The U.S. economy added 148,000 jobs in December, the Labor Department says, issuing the monthly jobs report from the Bureau of Labor Statistics. The unemployment rate was 4.1 percent, unchanged from November.

Analysts had predicted the Labor Department report would show another month of solid job gains. But it's a sharp dropoff from the revised November result of more than 250,000 jobs.

The city of Fort Collins, Colo., will build a system to deliver "high speed next-generation broadband to the entire community," after its City Council enacted a ballot initiative that voters approved in November. The move comes despite resistance from cable and telecom companies.

Aurora, a startup company led by three veterans of Google, Tesla, and Uber, has signed deals with both Volkswagen and Hyundai with the goal of putting autonomous vehicle technology on the market within three years — and doing so "quickly, broadly and safely."

The partnerships will pair Aurora's sensors and software — its machine learning and artificial intelligence technology — with two companies that together produce more than 15 million vehicles each year.

Self-driving Hyundai models will be on the market by 2021, the company says.

Updated at 2:15 a.m. ET Thursday

Steve Bannon, President Trump's former chief strategist, once called a now-famous meeting among Donald Trump Jr., campaign chairman Paul Manafort, Trump son-in-law Jared Kushner and a group of Russians "treasonous," according to accounts of an upcoming book.

Chinese billionaire Jack Ma's yearlong effort to buy U.S. money transfer company MoneyGram is now over, after American regulators objected to the $1.2 billion deal. Ma's Ant Financial Services Group has dropped its bid for the Dallas-based company.

Announcing the spiked merger, MoneyGram CEO Alex Holmes said, "The geopolitical environment has changed considerably since we first announced the proposed transaction with Ant Financial nearly a year ago."

Updated at 12:50 p.m. ET

After publishing images of a visit to Japan's "suicide forest" that included footage of a dead body, YouTube star Logan Paul is apologizing — and critics are denouncing both the video and Logan's behavior in it. The video was watched millions of times before he removed it.

A week after admitting to intentionally slowing down older iPhones without telling customers, Apple is apologizing and slashing $50 off its normal $79 price to put a new battery into old phones.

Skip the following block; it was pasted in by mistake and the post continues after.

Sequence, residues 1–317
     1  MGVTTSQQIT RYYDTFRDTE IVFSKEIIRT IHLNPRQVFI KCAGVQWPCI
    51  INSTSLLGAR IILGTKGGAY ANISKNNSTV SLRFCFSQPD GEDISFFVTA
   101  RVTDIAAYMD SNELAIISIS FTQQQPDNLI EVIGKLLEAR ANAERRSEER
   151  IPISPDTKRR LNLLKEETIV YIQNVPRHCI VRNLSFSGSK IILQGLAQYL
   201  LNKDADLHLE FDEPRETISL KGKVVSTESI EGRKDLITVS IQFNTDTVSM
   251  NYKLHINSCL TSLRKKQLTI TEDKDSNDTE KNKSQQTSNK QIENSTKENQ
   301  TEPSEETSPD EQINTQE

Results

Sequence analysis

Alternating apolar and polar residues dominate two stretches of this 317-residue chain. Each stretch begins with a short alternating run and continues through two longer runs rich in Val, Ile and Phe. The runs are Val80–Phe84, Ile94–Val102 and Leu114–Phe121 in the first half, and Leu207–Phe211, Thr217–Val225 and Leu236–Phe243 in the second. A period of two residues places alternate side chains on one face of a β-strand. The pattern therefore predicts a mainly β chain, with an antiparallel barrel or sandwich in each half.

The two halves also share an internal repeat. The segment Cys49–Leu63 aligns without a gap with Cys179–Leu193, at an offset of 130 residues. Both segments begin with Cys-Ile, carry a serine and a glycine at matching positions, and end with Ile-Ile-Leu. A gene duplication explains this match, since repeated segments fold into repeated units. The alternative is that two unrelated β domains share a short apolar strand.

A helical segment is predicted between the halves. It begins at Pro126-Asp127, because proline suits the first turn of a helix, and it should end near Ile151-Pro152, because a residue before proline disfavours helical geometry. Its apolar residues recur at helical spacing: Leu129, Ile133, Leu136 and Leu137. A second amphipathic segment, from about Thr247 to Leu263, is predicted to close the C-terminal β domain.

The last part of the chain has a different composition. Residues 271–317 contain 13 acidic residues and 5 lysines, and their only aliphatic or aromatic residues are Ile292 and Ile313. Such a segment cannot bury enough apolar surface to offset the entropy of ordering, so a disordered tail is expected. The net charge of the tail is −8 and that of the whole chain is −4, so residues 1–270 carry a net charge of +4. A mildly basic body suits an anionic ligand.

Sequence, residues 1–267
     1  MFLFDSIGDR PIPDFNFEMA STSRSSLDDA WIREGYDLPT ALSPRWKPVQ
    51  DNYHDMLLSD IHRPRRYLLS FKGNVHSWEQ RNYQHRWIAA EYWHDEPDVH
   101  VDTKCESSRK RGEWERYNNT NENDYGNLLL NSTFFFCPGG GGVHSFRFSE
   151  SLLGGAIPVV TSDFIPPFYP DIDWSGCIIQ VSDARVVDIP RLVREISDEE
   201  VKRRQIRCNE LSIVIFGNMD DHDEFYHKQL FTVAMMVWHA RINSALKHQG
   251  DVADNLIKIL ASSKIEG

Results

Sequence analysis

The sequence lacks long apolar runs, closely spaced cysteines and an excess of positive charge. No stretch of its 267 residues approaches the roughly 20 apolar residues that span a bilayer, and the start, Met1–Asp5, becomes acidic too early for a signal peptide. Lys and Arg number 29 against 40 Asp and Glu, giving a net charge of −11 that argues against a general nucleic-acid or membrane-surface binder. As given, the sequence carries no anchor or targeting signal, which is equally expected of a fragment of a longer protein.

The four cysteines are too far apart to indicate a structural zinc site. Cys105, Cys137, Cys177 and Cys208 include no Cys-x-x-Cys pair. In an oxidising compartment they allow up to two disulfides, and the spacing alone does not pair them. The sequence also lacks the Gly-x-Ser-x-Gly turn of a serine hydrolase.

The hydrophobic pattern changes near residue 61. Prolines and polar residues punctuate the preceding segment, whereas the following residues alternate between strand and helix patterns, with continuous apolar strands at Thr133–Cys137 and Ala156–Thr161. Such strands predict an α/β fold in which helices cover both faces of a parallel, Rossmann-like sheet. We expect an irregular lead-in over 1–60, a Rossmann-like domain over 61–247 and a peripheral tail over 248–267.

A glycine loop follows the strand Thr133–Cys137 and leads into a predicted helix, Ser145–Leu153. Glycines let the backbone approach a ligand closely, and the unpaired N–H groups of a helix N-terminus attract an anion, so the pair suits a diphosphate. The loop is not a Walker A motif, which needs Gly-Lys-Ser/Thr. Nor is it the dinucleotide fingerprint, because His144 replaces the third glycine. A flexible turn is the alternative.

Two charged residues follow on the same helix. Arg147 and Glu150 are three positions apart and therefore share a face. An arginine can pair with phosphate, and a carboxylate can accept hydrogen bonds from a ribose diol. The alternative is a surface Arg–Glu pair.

"We know that some of you feel Apple has let you down. We apologize," the company said in announcing the change. It added that there has been "a lot of misunderstanding about this issue."

South Korea has seized a Hong Kong-flagged vessel under suspicions that it illegally transferred oil to North Korea, in violation of U.N. sanctions. The vessel, the Lighthouse Winmore, was seized one month after it allegedly ferried oil, South Korean media report.

Such ship-to-ship transfers are prohibited by a U.N. Security Council Resolution that was adopted in September, part of a suite of sanctions that target North Korea over its nuclear and missile programs.

Updated at 3:58 p.m. ET

A terrorist attack targeted a Christian church south of Cairo on Friday, killing at least nine people, Egyptian officials say. The assailant was apprehended after a gun battle that killed at least one police officer.

In a statement on its Amaq media outlet, ISIS claimed responsibility for the attack. It said the shooting was committed by an ISIS "security detachment."

"Bitter cold" is gripping a broad swath of the U.S., the National Weather Service warns, with dangerous wind chills and other hazards. Freezing temperatures are common across the Southern U.S. this week; in the North, multiple states report subzero conditions.

States are declaring emergencies and cities are working to extend their shelter capacity. And at all levels, officials are telling people to stay inside unless they absolutely must be outdoors.

Explosions caused what Afghan President Ashraf Ghani's office calls "a massacre" in a Shiite area in Kabul on Thursday. The attack targeted civilians at a cultural center and affected a nearby news agency. At least 41 people died, and dozens more are wounded.

"Local media reported there were two suicide bombers," NPR's Diaa Hadid reports from Islamabad. "One of them detonated his explosives at the gate of a Shiite cultural center — the blast also damaged an Iranian-owned news agency."

Updated at 2:20 p.m. ET

Republican Roy Moore's upset loss to Democrat Doug Jones is now official, after Alabama's State Canvassing Board certified the results of the special election for a seat in the U.S. Senate early Thursday afternoon.